On June 21, 1880 the 1880 US Federal Census for Putnam County was completed.  By this time, Alfred had 3 more children and his neighbors were his brother Solomon “Sol” Maddox, Simon Holmes, the Griggs & the Purifoy families & a white farmer named Cullen R. Ezell.  .  Alfred and Solomon (sons of Carter Maddox and Leah Reid) remained on James Reid’s plantation working as farmers.  Alfred Maddox was listed as one of the major farmers on James Reid’s estate controlling 30 acres of improved land.  In Alfred’s household was his wife Josephine, son Hampton age 16, daughter Julia age 13, son Alonzo age 11, son Richard “Thornton” age 8, daughter Ida age 6 and daughter Elizabeth age 2.  In Solomon Maddox’s household was his wife Virginia, 4 year old daughter Mattie, 2 year old daughter Georgia and 3 month old daughter Mary.  Elbert also remained in Half Acre where he worked as a farmer and lived with his wife Maria 6 year old daughter Mary, 5 year old son John, 2 year old daughter Catherine and 2 month old daughter Ada.

1880 CENSUS-HALF ACRE-PUTNAM-GA-ALFRED MADDOX
Source Citation Year: 1880; Census Place: District 369, Putnam, Georgia; Roll: 162; Page: 554A; Enumeration District: 112 Source Information Ancestry.com and The Church of Jesus Christ of Latter-day Saints. 1880 United States Federal Census [database on-line]. Lehi, UT, USA: Ancestry.com Operations Inc, 2010. 1880 U.S. Census Index provided by The Church of Jesus Christ of Latter-day Saints © Copyright 1999 Intellectual Reserve, Inc. All rights reserved. All use is subject to the limited use license and other terms and conditions applicable to this site.

1880 Agriculture -HALF ACRE-PUTNAM-GA - 2
Alfred Maddox in the U.S., Selected Federal Census Non-Population Schedules, 1850-1880 Source Citation Census Year: 1880; Census Place: District 369, Putnam, Georgia; Archive Collection Number: T1137; Roll: T1137:18; Page: 26; Line: 4; Schedule Type: Agriculture.  Source Information: Ancestry.com. U.S., Selected Federal Census Non-Population Schedules, 1850-1880 [database on-line]. Provo, UT, USA: Ancestry.com Operations, Inc., 2010.
In this year Alfred and Solomon “Sol” reported owning no property and each paid a $1 poll tax.  They both worked for John Reid along with Spencer & Simon Holmes & Wilkins Moreland.

1880 - Georgia, Property Tax Digests, 1793-1892 for Alf Maddox
Georgia, Property Tax Digests, 1793-1892 (Putnam County Tax Digests 1878-1882) – Year 1880,  Source Citation: Militia District Number: 369. Source Information: Ancestry.com. Georgia, Property Tax Digests, 1793-1892 [database on-line]. Provo, UT, USA: Ancestry.com Operations, Inc., 2011.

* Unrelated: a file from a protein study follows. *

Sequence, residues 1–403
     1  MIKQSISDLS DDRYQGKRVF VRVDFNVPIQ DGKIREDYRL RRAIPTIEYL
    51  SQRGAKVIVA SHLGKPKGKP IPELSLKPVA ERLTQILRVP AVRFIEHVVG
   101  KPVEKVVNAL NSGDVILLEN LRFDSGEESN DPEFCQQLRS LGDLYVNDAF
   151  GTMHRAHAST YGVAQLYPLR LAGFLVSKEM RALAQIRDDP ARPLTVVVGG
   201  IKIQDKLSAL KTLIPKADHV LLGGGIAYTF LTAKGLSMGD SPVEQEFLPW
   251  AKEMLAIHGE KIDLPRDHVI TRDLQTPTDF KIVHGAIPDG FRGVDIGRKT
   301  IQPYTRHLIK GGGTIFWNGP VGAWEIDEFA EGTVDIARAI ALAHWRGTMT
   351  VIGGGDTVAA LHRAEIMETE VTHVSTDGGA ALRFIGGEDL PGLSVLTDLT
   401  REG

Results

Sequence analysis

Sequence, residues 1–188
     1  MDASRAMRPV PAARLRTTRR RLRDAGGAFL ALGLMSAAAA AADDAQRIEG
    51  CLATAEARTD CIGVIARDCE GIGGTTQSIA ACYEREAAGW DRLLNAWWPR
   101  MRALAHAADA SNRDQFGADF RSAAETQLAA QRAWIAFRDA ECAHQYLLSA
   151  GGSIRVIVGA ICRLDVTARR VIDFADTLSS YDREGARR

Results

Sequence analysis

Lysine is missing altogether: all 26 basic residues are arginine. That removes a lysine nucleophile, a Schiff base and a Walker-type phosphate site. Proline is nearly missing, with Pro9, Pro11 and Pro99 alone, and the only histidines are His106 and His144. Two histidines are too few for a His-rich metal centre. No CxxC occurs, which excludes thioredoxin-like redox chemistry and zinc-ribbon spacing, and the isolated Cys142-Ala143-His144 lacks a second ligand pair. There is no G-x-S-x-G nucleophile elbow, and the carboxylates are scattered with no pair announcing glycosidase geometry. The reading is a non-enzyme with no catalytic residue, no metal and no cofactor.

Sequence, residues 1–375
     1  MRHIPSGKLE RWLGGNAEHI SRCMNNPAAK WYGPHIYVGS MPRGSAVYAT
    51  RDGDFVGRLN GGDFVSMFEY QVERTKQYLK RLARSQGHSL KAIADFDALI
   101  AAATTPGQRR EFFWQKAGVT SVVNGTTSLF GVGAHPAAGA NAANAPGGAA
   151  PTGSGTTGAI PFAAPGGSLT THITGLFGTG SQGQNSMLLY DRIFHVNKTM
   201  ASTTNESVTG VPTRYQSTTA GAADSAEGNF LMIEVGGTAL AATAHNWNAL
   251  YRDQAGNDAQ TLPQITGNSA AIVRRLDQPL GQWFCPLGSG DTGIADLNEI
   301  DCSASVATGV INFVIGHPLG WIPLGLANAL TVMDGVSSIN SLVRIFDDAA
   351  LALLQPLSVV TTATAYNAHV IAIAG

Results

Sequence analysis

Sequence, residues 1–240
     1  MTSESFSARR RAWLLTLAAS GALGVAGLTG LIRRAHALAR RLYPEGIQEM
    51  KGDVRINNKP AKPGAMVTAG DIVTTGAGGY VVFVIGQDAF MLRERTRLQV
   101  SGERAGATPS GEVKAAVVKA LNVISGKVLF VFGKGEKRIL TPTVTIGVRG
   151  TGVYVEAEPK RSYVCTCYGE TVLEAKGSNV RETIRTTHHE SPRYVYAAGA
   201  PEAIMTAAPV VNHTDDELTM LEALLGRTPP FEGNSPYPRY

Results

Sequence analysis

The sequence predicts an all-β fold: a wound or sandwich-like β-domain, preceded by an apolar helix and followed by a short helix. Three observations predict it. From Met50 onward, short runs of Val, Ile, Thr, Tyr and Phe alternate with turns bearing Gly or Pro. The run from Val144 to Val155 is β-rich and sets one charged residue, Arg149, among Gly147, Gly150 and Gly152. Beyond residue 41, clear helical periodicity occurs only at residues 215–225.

Carter Maddox II (son of Carter Maddox and Leah Reid) and his family were found in the town of Eatonton of Putnam County, GA.  In his household were: his wife Martha, son Carter age 13, Sarah age 11, Leah age 9 (named after her grandmother), Anthony age 7, Saul age 5, Levi “Lee” Lester age 5, Mattie Lou age 1, a one month old child who was probably John Wesley and 20 year old step son Morris Griffin.   Carter II was a farmer likely share cropping while his son Carter III, daughter Sarah and stepson Morris were farm laborers working on the farm where they lived and on other farms.

1880 - Putnam County Census - Carter Maddox
Source Citation Year: 1880; Census Place: Eatonton, Putnam, Georgia; Roll: 162; Page: 574A; Enumeration District: 113 Source Information Ancestry.com and The Church of Jesus Christ of Latter-day Saints. 1880 United States Federal Census [database on-line]. Lehi, UT, USA: Ancestry.com Operations Inc, 2010. 1880 U.S. Census Index provided by The Church of Jesus Christ of Latter-day Saints © Copyright 1999 Intellectual Reserve, Inc. All rights reserved. All use is subject to the limited use license and other terms and conditions applicable to this site.
Ephraim Maddox (son of Carter Maddox and Leah Reid) and wife Dinah didn’t appear on the 1880 Census but paid 1 poll tax in Bibb County, GA.  They had daughter Sarah, daughter Laura, son James Henry and son Charles Richard by 1889 probably in Bibb County.

Between 1881 and 1886, Alfred Maddox (son of Carter Maddox and Leah Reid) and wife Josephine had 2 more children; Hattie Mae (my 2 times great grandmother) born about 1881/1882, and Carrie born around 1884 likely in Half Acre.

In 1881, Alfred and brother Solomon “Sol” both worked for John A. Reid in Half Acre and were each taxed on 1 poll and on $20.00 of horses, mules, cattle and stock of all kinds while brother Carter was taxed on 1 poll, $10.00 of household and kitchen furniture.  They worked for Reid with Fred Griggs, Bill Dudley, Jo. Clements, Joseph Simons, Simon Holmes, Asberry Claton & Scott Smith.  Carter worked in Half Acre for N.S. Howard with in-law Anthony Pennymon, Henry Holts, Bill [William] Griggs, Alec Clements and Grear Fig*r*.

1881 Putnam Co Tax Digest - Alfred Maddox
Georgia, Property Tax Digests, 1793-1892 (Putnam County Tax Digests 1878-1882) – Year 1881. Source Citation:Militia District Number: 369. Source Information: Ancestry.com. Georgia, Property Tax Digests, 1793-1892 [database on-line]. Provo, UT, USA: Ancestry.com Operations, Inc., 2011.
About 1881, Morris Griffin step son of Carter Maddox II (son of Carter Maddox and Leah Reid) had a son named Voliar with unknown mother and in 1888 had a son named Eli with an unknown woman, likely in Eatonton and possibly with the same woman

Between 1883 and 1888, Elbert Mullins (brother of Josephine Maddox) and wife Maria had 4 more children, Thomas, Mariah, Daniel and William in Half Acre.

Between 1883 and 1887, Carter Maddox II (son of Carter Maddox I and Leah Reid) had returned back to Half Acre and worked for S. N. Ward as a farm hand as listed on the Georgia Property tax list for Putnam County.  His family may have remained in Eatonton, while he worked Half Acre.